The restaurants will reduce the use of bottled, non-carbonated water and promote the cities' high-quality tap water.
Promoting city waterUntil bottled water sales erupted, public officials never imagined they would have to promote plain, old tap water with their own PR campaigns, said Jeremy Hanson, spokesman for Mayor R.T. Rybak. This year, the city of Minneapolis has about $200,000 in its budget to promote city water. One selling point from the city's website: A resident can refill a bottle 2,850 times with Minneapolis water to equal the price of a single 79-cent bottle of store-bought water. The campaign to promote tap water aims to get residents and businesses to reduce waste. Even though many people recycle the plastic or glass bottles, the mission is to prevent the waste in the first place, whether it's recycled or not, said Susan Hubbard, CEO of Eureka Recycling in Minneapolis. But even eco-conscious businesspeople like Hubbard don't believe consumers should blindly assume all tap water is safe. People have a distrust and suspicion of water, regardless of its source, she said. Not all bottled water is bad, and sometimes public water is unsafe.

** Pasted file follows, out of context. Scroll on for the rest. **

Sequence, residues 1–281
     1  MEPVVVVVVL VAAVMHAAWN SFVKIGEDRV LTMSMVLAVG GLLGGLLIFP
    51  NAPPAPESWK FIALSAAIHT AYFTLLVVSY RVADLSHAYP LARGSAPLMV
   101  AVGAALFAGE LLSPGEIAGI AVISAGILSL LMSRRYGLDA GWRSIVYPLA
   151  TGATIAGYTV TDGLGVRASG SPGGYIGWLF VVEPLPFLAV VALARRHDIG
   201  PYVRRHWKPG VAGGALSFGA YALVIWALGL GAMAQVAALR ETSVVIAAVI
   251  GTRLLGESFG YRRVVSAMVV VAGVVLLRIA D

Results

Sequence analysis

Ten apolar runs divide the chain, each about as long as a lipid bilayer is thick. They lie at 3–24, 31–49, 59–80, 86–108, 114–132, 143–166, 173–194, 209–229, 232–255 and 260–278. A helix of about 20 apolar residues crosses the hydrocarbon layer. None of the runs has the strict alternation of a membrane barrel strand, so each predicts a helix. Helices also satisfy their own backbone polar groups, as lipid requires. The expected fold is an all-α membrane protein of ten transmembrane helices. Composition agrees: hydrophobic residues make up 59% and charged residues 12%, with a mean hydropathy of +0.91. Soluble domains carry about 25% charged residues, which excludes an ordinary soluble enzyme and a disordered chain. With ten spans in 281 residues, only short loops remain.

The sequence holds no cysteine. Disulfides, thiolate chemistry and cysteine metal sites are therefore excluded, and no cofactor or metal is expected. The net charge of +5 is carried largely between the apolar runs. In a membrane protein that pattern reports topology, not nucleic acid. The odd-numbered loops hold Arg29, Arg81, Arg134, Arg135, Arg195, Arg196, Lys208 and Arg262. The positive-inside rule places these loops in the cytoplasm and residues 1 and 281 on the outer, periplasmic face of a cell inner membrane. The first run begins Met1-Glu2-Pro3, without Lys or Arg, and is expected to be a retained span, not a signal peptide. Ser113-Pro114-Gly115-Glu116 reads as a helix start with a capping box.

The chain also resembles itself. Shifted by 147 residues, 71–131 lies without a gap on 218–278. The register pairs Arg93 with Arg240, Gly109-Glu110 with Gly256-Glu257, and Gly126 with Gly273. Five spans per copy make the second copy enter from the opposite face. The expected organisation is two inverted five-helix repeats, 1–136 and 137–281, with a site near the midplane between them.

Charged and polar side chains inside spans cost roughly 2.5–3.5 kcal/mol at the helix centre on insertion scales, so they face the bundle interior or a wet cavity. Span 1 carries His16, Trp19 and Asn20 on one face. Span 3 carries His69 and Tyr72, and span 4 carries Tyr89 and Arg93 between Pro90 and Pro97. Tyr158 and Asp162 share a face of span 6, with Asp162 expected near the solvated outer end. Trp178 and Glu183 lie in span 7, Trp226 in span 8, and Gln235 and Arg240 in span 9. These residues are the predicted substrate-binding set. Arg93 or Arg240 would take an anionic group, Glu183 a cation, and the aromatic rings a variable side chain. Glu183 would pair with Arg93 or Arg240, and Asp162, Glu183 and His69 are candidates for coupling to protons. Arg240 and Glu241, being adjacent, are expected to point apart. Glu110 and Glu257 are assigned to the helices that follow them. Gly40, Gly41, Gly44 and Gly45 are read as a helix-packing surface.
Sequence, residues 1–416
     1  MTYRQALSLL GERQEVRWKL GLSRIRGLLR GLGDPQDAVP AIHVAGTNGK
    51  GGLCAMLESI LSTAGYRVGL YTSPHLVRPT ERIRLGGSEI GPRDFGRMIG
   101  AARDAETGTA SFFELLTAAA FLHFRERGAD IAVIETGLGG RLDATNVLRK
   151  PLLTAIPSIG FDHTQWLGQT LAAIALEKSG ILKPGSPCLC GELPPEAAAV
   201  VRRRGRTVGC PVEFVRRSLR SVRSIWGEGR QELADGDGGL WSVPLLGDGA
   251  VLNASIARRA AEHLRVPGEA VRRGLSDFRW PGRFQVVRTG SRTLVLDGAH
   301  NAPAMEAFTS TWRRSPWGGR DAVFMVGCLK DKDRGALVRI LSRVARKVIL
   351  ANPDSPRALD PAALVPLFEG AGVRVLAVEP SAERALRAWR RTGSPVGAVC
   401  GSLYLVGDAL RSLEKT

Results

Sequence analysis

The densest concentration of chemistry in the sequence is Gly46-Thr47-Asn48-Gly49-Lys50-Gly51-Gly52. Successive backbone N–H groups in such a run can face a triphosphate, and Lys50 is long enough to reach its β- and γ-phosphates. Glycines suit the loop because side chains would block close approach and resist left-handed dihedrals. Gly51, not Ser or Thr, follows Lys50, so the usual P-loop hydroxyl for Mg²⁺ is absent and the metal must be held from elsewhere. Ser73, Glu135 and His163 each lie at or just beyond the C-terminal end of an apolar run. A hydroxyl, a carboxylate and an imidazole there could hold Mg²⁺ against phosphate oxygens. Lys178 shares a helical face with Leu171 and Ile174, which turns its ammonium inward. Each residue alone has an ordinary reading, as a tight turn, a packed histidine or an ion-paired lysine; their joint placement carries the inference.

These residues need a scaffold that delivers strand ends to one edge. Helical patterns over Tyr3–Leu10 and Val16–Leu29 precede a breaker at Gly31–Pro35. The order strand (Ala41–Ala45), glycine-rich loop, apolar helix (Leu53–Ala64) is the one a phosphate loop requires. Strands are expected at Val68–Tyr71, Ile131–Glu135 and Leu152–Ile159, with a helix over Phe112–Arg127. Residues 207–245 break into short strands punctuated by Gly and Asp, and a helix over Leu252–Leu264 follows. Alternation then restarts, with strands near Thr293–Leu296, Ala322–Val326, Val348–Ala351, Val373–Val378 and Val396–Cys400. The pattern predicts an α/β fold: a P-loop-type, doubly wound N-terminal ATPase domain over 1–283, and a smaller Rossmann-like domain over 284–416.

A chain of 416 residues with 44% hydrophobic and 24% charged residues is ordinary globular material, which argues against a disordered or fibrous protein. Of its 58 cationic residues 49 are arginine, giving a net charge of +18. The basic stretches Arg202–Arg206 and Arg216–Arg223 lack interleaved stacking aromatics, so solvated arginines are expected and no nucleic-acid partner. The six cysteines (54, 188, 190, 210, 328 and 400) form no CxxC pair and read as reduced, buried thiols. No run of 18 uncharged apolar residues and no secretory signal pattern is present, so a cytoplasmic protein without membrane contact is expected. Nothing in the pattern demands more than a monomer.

Pipes can contaminate waterMinneapolis water is a very good product, said Bill Scott, vice president of Premium Waters, which bottles Chippewa Springs water, based in Minneapolis. But sometimes deteriorating water pipes can carry contaminants. If residents are told to run the tap for 60 seconds before drinking, that's a concern, Scott said. Common Roots cafe owner Danny Schwartzman avoided serving bottled water in his restaurant even before signing the pledge. He serves filtered tap water, which many restaurants already use. Schwartzman also plans to install a carbonation machine so he can serve sparkling water without the bottles. His cafe, which specializes in local and organic foods, only serves tap beer in its attempt to virtually ban the bottle. (Organic bottled wine being one exception). What will customers think? Jennifer Nowlan of Minneapolis said she buys bottled water for convenience on the go, but she's willing to give it up in the restaurant. "It's cheaper, and I like the taste of Minneapolis water," she said.
John Ewoldt • 612-673-7633